Muscle strength training helps build strong muscles, which is especially important for adults as they get older.
7. Increases the chance of living longer
“Strong scientific evidence shows that physical activity delays death for all reasons,” according to a 2018 report from the Ministry of Health and Human Services.
Even better, the benefits accumulate with modest amounts of moderate to vigorous exercise. The biggest jump occurs when a person goes from “inactive” to “insufficiently active.”
8. Helps with
Maintaining a moderate weight According to the CDC, there is good evidence that exercise can help maintain weight over time, although it may take more than recommended to do so.
In general, losing weight and then holding off also requires a healthy, balanced diet.
It’s easy to overestimate the number of calories that exercise burns.
The CDC gives a few examples of the calories that a person weighing 154 pounds would burn during an hour of activity for:
- Hiking: 370 calories
- light gardening: 330 calories
- Run or jog at 5 miles per hour: 590 calories
9. Can help with chronic pain
In 2017, a review of Cochrane Reviews, which systematically examine the evidence for specific interventions, examined whether exercise and physical activity help with chronic pain in adults.
The study concluded that a definitive answer would require more research.
The authors note that while the quality of evidence was generally low, “there is some evidence of improved physical function and a variable effect on both psychological function and quality of life.”
None of the interventions appeared to cause any damage. The authors of the review found limited evidence of an improvement in pain severity.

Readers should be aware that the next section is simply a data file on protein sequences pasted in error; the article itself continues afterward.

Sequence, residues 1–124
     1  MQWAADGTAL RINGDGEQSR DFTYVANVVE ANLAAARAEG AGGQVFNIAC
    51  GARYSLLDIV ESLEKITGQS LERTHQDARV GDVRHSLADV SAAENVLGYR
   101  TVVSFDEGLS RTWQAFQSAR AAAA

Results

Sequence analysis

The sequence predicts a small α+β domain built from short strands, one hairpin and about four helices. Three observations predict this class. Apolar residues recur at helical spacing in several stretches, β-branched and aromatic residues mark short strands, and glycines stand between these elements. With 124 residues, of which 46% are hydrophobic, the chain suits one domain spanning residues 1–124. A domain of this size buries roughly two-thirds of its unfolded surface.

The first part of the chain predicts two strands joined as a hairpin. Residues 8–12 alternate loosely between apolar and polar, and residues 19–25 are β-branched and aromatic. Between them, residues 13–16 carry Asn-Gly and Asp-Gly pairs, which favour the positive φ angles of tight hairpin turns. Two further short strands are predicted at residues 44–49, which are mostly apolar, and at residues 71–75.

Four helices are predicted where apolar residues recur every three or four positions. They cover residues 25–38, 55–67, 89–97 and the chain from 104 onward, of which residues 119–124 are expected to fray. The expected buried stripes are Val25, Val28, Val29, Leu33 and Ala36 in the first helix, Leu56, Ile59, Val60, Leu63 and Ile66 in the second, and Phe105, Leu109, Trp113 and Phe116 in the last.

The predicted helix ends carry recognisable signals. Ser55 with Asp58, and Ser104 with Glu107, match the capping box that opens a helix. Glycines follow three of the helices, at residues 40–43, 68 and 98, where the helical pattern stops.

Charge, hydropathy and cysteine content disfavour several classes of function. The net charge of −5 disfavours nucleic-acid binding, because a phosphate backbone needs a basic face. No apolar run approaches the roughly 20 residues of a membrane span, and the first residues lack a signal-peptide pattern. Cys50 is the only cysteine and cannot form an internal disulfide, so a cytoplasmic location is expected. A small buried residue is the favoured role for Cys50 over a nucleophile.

10. Helps falls for older adults
According to the CDC, physical activity, which includes more than one type, such as aerobic exercise, balance training, or muscle strengthening, may help reduce both the risk of falling and the risk of injury from falls in older adults.
11. Helps you sleep
Exercise helps people sleep, and some of the benefits can start right away. Regular exercise can help by:
- Increasing sleep efficiency, improving sleep quality
- and deep sleep
- Reducing daytime sleepiness
- Reducing the need for sleep medication
12. Helps with osteoporosis
Because exercise can improve bone health, it can treat or prevent osteoporosis.
Regular exercise also helps prevent falls and fractures associated with muscle weakness and balance disorders, which is particularly important for people with osteoporosis.
13. Improves brain function and reduces risk of dementia
Regular exercise can reduce the risk of dementia and Alzheimer’s disease in adults.
For people over 50 years of age, exercise also improves certain aspects of cognition, such as processing speed.
A study from 2016 reviewed the findings that suggest that physical activity, cognitive activity (such as learning new skills), and a Mediterranean diet “brain health” in older adults.
The results suggest that these behaviors, possibly in combination, may help keep the cognitive manifestations of aging and neurodegenerative diseases in check.
Regular exercise can reduce the risk of many serious illnesses, improve mental health and mood, and extend lifespan. Movement benefits everyone.
Some benefits come from a very small increase in physical activity for people who are currently inactive.
Even if a person is far from reaching recommended weekly activity levels, these first small steps are important and worthwhile.